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*To*: Greenwald@STONY-BROOK.SCRC.Symbolics.COM, DCP@QUABBIN.SCRC.Symbolics.COM, gls@Think.COM, Moon@STONY-BROOK.SCRC.Symbolics.COM, Common-Lisp@sail.stanford.edu*Subject*: Numerical Comparison: "required coercions"*From*: Scott Cyphers <Cyphers@YUKON.SCRC.Symbolics.COM>*Date*: Thu, 26 Mar 87 14:58 EST*Cc*: Numerics@STONY-BROOK.SCRC.Symbolics.COM*In-reply-to*: <870326133440.1.GREENWALD@SWALLOW.S4CC.Symbolics.COM>

Date: Thu, 26 Mar 87 13:34 EST From: Michael Greenwald <Greenwald@STONY-BROOK.SCRC.Symbolics.COM> Date: Thu, 26 Mar 87 10:47 EST From: David C. Plummer <DCP@QUABBIN.SCRC.Symbolics.COM> Date: Thu, 26 Mar 87 10:29 EST From: Guy Steele <gls@Think.COM> This issue makes me want to restate an earlier proposed model for the comparison functions: (? x1 x2 x3 x4 ... xn-1 xn) <=> (AND (? x1 x2) (? x1 x3) (? x1 x4) ... (? x1 xn-1) (? x1 xn) (? x2 x3) (? x2 x4) ... (? x2 xn-1) (? x2 xn) (? x3 x4) ... (? x3 xn-1) (? x3 xn) . . . . . (? xn-1 xn)) where "?" may be =, /=, <, >, <=, or >=. That is, in principle every pair of arguments is compared. This is the model that justifies the "all different" interpretation for /=, and it is recognized that in practice the other five operations may be implemented cleverly through exploitation of transitivity. Well, maybe such reliance on transitivity is wrong. Why "maybe"? (<= 1234d10 12340000000001 1234e10 12340000000000) => T when you depend on transitivity, but should => NIL according to the above model. On the other hand, SORT clearly depends on transitivity, and one might reasonably expect (APPLY '<= (SORT SEQUENCE '<=)) => T. (Or even more reasonably (APPLY '< (SORT SEQUENCE '<)) => T, which unfortunately isn't true since (SORT '(1234d10 12340000000001 1234e10 12340000000000) '<) returns the original sequence.) I'm a fan of transitivity and also recognize this problem. If this is n^2 computation is to be the law-of-the-land for the non /= cases, I would suggest a declaration that tells the compiler that the user is guaranteeing transitivity so that only a linear number of comparisons is needed. The declaration is unnecessary, (although might be useful), since the check for whether transitivity will work can be done in linear time. (This same strategy reduces /= to NlogN for cases where transitivity holds, and all the elements are orderable by sorting the numbers and then only comparing adjacent elements. This doesn't work if any coercions could lose precision. (This works for complex numbers, too)) In practice, our implementation assumes transitivity holds, except in /=, where we are more scrupulous. All these anomolies are solved by coercing to the *most* exact representation for comparisons. I'm assuming that the floating-point contagion rule was mandated for two reasons: (1) It is misleading to *add* bits of precision during a computation. (although this is belied by the single-to-double conversion rule) (2) Floats put a stricter upper bound on the required storage than do the corresponding rationals and bignums. Both of these rules are more applicable for computations (+, -, etc.) than for comparisons. CLtL chose a single coercion rule ("WhenEVER a rational meets a floating point number, the rational is first converted to a floating-point number of the same format") rather than two coercion rules ("In computations that produce new values, the arguments are first coerced to the least precise representation of the two arguments, and the result has the same, imprecise, representation. In comparisons, arguments that differ in type are first converted to the *most* precise representation of the two arguments."). In some sense (although I don't believe this) you might be able to argue that CLtL's decision made the language "simpler", (although it certainly made the results of some of the numeric functions more "surprising"). If it isn't too late, maybe the coercion rule could be changed in the "cleaned up Common Lisp". (Unless someone knows of equally bizarre results of *that* coercion rule.) Leave things the way they are. You're trying to give too much meaning to something which only derives its meaning from the way it is being used. In normal situations, things behave about how you'd expect them to. It is only when you get into the noise that things fall apart, because the multiple interpretations are no longer distinct. In those cases, I say it is an error to write something like (< x rational), and that you have no right to expect something like transitivity to hold because you're mixing definitions. If you want to say <, then do the coercions yourself in the way appropriate to what your working on. Rationals aren't necessarily any more exact than floating point. If you're computing rationals, then they're exact, but if you're computing reals, then they're no more exact than floating point. What if someone is trying to say (< x (sqrt 2))? Unless they are doing their own coercions (or squaring x) I think there's always going to be some form of default coercion which will do the "unexpected" for them.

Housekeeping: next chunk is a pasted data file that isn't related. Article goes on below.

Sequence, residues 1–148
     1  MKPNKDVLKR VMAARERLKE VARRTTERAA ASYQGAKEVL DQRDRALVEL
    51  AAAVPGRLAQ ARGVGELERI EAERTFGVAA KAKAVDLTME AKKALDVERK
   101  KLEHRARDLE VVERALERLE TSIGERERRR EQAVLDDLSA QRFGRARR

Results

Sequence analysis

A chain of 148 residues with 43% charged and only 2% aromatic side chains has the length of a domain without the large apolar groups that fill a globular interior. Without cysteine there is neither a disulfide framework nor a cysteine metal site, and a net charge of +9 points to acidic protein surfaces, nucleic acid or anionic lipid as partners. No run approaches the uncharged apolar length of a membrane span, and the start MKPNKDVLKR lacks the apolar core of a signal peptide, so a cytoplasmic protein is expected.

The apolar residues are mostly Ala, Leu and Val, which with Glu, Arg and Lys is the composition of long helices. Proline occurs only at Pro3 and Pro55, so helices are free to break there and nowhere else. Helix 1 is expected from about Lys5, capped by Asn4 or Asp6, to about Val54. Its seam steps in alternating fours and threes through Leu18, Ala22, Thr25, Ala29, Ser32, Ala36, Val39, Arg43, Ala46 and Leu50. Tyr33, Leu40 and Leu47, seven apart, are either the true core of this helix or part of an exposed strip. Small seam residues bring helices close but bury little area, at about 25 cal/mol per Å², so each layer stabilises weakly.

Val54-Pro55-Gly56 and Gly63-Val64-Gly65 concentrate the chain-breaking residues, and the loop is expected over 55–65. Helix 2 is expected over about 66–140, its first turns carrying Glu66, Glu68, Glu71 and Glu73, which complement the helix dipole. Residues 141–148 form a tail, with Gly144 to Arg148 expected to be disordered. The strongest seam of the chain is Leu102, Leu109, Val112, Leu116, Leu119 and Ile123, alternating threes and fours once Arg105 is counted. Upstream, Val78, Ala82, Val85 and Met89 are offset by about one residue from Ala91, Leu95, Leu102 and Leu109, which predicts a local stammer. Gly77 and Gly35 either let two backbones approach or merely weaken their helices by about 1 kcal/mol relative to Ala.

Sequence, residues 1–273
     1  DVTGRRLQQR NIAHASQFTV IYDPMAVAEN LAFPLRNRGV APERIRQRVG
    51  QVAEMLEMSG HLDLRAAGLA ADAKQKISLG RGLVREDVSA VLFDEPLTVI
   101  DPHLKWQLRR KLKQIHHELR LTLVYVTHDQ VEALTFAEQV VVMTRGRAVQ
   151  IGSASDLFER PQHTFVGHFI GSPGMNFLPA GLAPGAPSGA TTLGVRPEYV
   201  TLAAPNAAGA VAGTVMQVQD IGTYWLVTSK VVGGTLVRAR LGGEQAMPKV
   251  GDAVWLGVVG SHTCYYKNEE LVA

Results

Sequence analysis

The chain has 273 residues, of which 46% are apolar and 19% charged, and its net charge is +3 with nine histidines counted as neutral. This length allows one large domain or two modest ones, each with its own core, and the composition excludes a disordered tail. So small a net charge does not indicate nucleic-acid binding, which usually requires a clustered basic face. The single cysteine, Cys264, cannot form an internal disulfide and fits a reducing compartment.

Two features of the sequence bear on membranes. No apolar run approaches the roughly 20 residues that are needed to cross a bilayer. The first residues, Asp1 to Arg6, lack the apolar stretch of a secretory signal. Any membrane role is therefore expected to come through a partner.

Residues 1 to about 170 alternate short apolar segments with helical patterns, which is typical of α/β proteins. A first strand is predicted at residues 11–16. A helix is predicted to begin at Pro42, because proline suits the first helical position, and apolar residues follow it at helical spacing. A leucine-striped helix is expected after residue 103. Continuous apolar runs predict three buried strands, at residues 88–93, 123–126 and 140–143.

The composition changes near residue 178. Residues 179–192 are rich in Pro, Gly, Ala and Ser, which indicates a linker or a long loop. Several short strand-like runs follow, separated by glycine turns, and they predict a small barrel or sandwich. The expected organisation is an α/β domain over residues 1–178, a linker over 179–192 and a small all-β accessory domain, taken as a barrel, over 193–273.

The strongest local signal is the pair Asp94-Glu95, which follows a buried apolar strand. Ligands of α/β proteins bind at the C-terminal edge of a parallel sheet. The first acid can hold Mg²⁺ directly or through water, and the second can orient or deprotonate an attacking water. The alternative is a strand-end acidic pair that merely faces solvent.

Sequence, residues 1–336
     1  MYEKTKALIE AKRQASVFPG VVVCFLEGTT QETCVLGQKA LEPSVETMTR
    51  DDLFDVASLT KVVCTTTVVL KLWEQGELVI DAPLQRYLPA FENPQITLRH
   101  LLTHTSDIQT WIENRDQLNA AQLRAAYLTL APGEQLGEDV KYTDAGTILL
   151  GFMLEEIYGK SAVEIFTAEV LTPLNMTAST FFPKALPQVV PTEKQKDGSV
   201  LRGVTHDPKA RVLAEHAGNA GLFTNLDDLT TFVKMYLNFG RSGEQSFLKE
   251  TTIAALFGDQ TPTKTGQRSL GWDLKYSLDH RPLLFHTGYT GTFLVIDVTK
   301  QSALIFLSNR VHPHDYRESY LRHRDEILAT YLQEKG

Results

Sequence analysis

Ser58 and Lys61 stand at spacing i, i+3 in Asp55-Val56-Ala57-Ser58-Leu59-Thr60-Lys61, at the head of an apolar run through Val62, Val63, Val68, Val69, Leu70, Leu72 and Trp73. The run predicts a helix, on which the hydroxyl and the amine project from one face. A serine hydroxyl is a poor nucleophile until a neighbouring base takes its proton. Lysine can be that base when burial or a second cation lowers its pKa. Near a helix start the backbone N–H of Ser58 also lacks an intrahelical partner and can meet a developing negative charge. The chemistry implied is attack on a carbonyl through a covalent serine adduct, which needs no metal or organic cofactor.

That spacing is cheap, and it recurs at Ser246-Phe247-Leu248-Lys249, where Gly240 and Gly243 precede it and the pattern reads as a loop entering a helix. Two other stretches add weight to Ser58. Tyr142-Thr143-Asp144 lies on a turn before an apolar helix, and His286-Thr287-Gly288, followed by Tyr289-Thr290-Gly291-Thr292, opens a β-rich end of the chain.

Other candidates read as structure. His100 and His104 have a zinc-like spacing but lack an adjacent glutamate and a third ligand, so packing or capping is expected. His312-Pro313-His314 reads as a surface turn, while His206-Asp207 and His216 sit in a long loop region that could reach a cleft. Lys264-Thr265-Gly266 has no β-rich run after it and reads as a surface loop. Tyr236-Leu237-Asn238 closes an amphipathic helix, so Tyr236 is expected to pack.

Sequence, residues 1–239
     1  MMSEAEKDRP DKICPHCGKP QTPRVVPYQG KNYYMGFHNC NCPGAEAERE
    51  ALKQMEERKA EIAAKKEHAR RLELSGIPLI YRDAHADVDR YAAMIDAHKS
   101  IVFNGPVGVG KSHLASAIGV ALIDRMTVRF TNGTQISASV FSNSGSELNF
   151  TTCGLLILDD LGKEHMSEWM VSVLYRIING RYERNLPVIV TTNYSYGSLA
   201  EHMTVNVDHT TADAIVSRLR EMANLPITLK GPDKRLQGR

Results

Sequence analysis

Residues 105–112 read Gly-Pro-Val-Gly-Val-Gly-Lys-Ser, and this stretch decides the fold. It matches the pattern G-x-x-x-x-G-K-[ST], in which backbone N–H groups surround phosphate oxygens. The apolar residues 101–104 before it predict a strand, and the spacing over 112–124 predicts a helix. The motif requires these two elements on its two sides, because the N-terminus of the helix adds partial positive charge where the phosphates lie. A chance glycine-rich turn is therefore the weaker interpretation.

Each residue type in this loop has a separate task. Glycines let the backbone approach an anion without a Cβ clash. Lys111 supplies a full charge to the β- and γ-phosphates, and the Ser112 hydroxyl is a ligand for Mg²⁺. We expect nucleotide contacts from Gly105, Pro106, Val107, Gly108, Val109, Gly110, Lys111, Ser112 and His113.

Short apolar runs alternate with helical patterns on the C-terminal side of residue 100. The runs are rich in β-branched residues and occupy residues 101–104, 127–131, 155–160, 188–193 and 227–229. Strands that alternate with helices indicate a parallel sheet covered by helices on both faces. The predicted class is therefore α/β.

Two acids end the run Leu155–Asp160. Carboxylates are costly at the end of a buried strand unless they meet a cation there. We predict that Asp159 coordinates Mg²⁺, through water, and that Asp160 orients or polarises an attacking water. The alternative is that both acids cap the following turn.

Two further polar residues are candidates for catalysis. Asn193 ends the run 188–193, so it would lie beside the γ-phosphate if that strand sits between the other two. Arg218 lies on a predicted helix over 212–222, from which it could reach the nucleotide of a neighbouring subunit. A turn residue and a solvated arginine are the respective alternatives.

**References**:**Numerical Comparison: "required coercions"***From:*Michael Greenwald <Greenwald@STONY-BROOK.SCRC.Symbolics.COM>

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